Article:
Cat Behaviour: Socialisation for Dummies

A well socialised kitten will be a pleasant companion, with good manners. It seems as though everything I read about getting a kitten says that the breeder should have raised it to be a nice, friendly, and to be a well behaved pet. I couldn’t agree more, and if you bought your kitten from a responsible breeder, this would have happened.

But what if it was your own little girl who fell pregnant before you’d realised that she was old enough?  What will you do to socialise the kittens?

Vets tell me that they frequently deal with pet mogs who have unplanned pregnancies. As I write this (early spring) my complex is being visited by a tabby kitten who is very much overdue to spaying. You do not have to wait until your cat is six months old to spay her (or neuter him – it takes two to make kittens). You may have to look around to find a vet who is willing to do it, but it can be done as early as 10 weeks, with certain precautions. If the cat weighs over two kilograms there should be no difficulties. But if you slipped up, and you do have an unplanned litter of kittens, here are some guidelines.


The modern term for a pet is “companion animal” and this says it all. A well socialised kitten will be a pleasant companion, with good manners. But how do you teach your kittens manners?  When and where do you start?
Mom-cat is in charge: If you were to visit a responsible breeder who has tiny kittens, you might well hear them say to the mother cat “may I look at your babies?”  This attitude recognises that the mother cat is charge. If she is comfortable with you looking at her babies, even handling them, that is fine. If she is not, you must leave them alone.   If you have children, you may have to be very strict, but they must leave the kittens alone.  It is a good idea if one person, whom the mother cat trusts, weighs the kittens once a day, as the first sign of a problem will be weight loss. Bedding must be changed daily, and the bed kept warm, and most new mothers enjoy being stroked and told how clever they are, but the baby kittens should be left to do nothing but eat, sleep and grow.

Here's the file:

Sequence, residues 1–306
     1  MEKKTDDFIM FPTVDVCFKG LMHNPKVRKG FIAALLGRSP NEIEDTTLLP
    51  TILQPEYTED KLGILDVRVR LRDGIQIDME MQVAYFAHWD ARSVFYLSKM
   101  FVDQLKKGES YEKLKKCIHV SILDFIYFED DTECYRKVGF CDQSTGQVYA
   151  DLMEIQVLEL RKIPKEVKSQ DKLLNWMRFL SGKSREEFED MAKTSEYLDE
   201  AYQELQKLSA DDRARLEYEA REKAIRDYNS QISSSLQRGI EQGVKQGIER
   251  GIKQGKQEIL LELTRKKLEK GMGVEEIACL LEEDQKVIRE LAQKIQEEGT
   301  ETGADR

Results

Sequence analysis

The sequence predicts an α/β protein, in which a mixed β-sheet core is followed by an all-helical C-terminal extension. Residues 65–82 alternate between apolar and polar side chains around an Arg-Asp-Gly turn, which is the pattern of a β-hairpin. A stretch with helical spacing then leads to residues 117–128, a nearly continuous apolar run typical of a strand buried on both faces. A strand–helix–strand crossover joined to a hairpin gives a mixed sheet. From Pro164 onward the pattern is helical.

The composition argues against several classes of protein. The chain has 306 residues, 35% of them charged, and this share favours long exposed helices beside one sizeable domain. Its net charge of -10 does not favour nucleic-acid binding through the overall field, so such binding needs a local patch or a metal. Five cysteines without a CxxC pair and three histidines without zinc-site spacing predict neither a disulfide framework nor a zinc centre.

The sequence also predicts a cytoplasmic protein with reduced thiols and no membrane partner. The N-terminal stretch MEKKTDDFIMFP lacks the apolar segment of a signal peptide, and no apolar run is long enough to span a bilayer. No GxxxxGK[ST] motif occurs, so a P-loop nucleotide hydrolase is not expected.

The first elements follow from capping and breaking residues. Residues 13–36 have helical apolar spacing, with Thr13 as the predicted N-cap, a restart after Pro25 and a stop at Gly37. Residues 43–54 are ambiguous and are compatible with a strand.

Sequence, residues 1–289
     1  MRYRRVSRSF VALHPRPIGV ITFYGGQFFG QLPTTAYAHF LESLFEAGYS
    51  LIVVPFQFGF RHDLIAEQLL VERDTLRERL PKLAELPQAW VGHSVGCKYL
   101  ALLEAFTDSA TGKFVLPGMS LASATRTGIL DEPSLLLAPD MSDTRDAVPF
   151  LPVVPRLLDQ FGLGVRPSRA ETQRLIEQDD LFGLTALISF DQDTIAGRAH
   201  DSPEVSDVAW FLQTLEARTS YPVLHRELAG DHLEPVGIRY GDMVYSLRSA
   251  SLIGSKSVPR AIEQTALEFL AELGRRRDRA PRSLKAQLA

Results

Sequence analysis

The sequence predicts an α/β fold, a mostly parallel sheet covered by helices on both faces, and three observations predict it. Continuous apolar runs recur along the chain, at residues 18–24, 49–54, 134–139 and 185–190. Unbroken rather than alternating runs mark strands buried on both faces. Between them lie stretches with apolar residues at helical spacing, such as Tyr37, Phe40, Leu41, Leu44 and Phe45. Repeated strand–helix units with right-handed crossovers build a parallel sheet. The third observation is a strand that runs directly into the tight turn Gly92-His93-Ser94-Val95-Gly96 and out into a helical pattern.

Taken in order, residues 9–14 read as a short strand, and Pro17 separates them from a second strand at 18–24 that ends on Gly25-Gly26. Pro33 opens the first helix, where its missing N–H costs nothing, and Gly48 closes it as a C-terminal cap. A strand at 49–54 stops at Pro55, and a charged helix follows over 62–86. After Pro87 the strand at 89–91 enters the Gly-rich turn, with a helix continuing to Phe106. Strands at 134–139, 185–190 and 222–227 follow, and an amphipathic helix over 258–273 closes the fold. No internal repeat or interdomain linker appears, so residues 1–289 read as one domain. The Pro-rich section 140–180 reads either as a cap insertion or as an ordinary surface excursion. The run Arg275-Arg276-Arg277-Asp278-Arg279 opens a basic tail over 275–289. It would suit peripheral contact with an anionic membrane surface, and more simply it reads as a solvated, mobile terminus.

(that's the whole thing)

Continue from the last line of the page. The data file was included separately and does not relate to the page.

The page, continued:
Mom-cat and babies should have a box in a quiet room, where they will feel safe.

Don’t be alarmed by the screaming kittens when Mom-cat returns to her nursery (they are demanding milk), but do check if they cry at other times, and make sure that one kitten is not consistently being pushed off the nipple by stronger kittens (this is one reason for weighing the kittens).

At around five to seven days old, the kittens’ eyes will open. Keep the lighting dim, to avoid damage to the new eyes.

By two to three weeks of age, the kittens will be able to control their own body temperature, can hear and will begin to explore. You can begin to handle them a little more, picking them up and holding them close to you, singing lullabies, and so forth.   As you want them to grow up loving humans, and wanting contact with humans, it is important that their interactions with you are pleasant. If Mom-cat demands that you put the kittens back in their box, that is what you do.

By four weeks, you will have a boxful of tiny hooligans. They’ll be constantly trying to escape, wrestling with each other, and ready to learn how to be wonderful cats.  Remember, though, that they still needs lots of sleep, and must be left to sleep as much as they want.   In fact, you may sometimes need to insist that they nap – just like human children!


How to Be a Good Pet?

Think about what most people want from their cats: to live in their homes, be friendly, and easy to handle. This sounds obvious, but these are all learned behaviours.

Your kittens must be exposed to household activities. Noises such as washing machines and vacuum cleaners must be as familiar as their mother’s purr, so don’t wrap them in cotton wool. Be very careful, though – they’ll be into everything, and they’ll chew everything as their teeth erupt. Keep electrical cords covered (Cable Twirly is useful), keep the toilet seat down (kittens are likely to drown if they fall in the toilet) and never start the washing machine without doing a head count.

They must get used to all kinds of people and animals. If you have other cats, dogs and a constant flow of visitors, this will be easy. If you are a bit of a recluse, you will have to work harder, borrow children and make sure that the kittens meet everyone who comes to your house. I once had a somewhat shy Burmese whom I wanted to show.   When I needed a plumber, his rather surprised assistant found himself holding my kitten (Phoebe went on to compete at Cat of the Year).

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